LOS ANGELES California's vulnerability to the international economic slowdown has not cooled the newfound aggressiveness of its midsize banks in international operations.
Though the economic turmoil abroad has taken a toll, demand has not disappeared for the state's output of high-tech computer and telecommunications equipment, media and entertainment products, and prefabricated housing.
The bankers have geared up in recent years to support their business customers' international requirements. And the smaller and more specialized companies that make up the bulk of midsize institutions' customers have been less affected than the big multinational companies by the sharp drop in exports to Asia.
Bankers added that even if exports to Asia are down, trade with Canada, Mexico, and Europe is still up.
For smaller banks, the big discovery of the last few years has been just how profitable trade-related international business can be. Trade-related commitments have capital requirements of as little as 2% because regulators consider them extremely safe.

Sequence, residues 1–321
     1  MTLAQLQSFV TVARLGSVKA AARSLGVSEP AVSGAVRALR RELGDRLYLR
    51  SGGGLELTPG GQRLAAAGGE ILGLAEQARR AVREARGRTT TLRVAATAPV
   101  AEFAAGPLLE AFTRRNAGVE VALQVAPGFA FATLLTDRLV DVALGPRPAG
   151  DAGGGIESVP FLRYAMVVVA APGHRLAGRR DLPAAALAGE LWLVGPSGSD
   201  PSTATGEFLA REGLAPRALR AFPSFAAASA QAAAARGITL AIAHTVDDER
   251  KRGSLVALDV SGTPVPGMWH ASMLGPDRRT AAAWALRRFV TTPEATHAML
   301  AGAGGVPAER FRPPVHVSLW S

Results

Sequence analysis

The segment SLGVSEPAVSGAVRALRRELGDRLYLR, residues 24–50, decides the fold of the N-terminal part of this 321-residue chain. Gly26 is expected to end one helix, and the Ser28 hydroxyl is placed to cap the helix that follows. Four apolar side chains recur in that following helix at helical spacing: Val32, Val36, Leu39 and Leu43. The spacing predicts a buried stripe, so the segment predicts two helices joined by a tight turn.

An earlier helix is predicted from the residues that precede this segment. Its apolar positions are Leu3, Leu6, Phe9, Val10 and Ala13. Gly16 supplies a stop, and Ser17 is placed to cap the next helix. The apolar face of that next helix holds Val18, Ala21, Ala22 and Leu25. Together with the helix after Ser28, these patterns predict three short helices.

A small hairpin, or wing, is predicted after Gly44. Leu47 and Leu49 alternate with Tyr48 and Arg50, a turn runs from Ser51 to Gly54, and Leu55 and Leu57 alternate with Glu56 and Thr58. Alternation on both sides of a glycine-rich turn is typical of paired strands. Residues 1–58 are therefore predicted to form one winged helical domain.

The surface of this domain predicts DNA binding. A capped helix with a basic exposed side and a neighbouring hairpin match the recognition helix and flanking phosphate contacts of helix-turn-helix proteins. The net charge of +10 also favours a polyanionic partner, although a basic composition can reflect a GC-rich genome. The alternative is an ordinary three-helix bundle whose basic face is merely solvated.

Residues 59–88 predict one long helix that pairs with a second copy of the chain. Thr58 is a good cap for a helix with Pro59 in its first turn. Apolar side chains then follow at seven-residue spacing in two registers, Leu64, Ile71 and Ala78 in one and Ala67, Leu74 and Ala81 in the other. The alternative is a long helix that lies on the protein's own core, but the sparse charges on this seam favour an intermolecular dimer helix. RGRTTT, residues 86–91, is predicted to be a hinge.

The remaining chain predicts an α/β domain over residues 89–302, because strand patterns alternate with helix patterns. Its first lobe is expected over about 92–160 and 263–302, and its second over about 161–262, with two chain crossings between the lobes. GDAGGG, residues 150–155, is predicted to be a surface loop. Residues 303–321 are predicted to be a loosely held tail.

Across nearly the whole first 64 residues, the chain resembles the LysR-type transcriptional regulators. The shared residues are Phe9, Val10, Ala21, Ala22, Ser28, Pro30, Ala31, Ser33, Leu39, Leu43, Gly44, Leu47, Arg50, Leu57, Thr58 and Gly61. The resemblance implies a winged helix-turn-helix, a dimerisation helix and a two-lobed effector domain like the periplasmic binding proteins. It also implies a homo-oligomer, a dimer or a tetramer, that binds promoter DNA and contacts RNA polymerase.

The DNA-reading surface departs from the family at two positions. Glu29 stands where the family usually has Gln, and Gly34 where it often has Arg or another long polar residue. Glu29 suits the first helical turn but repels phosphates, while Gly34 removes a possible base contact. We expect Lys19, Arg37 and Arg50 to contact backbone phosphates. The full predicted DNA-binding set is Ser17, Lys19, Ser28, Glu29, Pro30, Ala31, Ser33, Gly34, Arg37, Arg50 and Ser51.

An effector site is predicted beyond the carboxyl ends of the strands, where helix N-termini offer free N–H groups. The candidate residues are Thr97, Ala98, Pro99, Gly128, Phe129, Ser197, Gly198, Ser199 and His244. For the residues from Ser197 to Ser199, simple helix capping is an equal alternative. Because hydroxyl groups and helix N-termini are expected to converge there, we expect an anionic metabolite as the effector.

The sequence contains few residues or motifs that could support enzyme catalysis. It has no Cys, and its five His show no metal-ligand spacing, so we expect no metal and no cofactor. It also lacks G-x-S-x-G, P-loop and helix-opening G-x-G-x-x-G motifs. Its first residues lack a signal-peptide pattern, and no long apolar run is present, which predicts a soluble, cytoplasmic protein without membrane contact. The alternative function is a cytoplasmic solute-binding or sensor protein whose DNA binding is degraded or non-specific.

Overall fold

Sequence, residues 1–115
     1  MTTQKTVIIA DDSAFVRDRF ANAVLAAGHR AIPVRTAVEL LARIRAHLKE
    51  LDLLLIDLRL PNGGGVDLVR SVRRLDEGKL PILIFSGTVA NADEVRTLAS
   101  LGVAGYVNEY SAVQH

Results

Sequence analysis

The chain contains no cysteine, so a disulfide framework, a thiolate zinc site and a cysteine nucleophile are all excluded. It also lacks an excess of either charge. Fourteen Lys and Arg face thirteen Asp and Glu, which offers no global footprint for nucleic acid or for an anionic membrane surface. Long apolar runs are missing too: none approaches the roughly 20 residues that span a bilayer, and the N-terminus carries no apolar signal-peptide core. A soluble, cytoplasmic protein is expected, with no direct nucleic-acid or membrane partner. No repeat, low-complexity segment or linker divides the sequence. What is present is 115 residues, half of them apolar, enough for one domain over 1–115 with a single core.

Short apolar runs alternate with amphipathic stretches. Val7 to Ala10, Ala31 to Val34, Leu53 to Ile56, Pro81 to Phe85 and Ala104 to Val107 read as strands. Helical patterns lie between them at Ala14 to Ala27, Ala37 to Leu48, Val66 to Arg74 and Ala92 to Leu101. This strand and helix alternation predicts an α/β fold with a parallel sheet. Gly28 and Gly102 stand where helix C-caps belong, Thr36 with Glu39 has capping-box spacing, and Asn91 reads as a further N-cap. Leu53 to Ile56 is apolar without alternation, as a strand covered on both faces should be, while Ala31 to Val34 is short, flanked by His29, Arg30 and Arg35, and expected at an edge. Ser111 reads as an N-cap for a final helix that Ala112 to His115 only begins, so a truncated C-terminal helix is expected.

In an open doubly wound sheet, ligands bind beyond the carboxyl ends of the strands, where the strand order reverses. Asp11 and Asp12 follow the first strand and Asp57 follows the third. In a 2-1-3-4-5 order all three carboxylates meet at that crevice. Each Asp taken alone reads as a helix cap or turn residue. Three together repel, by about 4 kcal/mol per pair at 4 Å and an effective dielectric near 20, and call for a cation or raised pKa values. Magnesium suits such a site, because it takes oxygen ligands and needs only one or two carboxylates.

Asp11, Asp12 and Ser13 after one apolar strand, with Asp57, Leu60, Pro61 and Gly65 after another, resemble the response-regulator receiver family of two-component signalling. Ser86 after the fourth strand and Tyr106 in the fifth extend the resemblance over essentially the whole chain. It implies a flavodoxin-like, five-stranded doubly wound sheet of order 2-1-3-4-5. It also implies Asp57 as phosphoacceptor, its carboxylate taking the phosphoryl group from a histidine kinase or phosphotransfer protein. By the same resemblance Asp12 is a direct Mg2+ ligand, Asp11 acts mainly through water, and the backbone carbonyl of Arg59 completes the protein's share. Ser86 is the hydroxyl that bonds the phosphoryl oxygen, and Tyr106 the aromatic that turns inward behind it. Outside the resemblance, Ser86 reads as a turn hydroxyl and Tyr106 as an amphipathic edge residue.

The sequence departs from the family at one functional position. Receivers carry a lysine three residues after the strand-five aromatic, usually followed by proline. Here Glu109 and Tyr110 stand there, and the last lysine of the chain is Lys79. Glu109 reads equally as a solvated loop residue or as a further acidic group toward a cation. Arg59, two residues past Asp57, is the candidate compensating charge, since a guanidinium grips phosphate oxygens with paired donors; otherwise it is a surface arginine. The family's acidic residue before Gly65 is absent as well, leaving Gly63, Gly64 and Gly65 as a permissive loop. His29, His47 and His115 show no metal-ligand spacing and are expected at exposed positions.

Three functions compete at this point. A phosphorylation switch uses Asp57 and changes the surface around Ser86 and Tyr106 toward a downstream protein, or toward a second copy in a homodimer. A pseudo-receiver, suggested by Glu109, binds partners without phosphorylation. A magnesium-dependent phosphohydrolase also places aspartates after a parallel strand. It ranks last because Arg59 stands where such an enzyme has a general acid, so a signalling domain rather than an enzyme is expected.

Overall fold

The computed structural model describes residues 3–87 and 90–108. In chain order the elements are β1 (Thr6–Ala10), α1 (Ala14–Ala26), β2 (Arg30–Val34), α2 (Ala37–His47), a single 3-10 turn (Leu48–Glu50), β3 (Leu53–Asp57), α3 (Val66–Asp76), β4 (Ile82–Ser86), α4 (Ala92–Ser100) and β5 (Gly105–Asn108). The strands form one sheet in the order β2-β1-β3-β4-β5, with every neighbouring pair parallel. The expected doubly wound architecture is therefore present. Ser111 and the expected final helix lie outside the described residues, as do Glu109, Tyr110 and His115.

As a result "the return on equity is astronomical," said Peter Knudson, senior vice president for international banking at Imperial Bank in Redondo Beach. It can go as high as 50%.
"When I joined Imperial seven years ago the bank was doing less than $400,000 worth of international business a year," Mr. Knudson said. "Today I'd be disappointed if we didn't do at least $1 million a month."
At Beverly Hills-based City National Corp., noninterest income from international operations climbed to $7.3 million last year from $4 million in 1995.
"The number of middle-market players in need of international assistance has increased dramatically," said Robert S. Krant, senior vice president. "The payback on our investment has been very quick."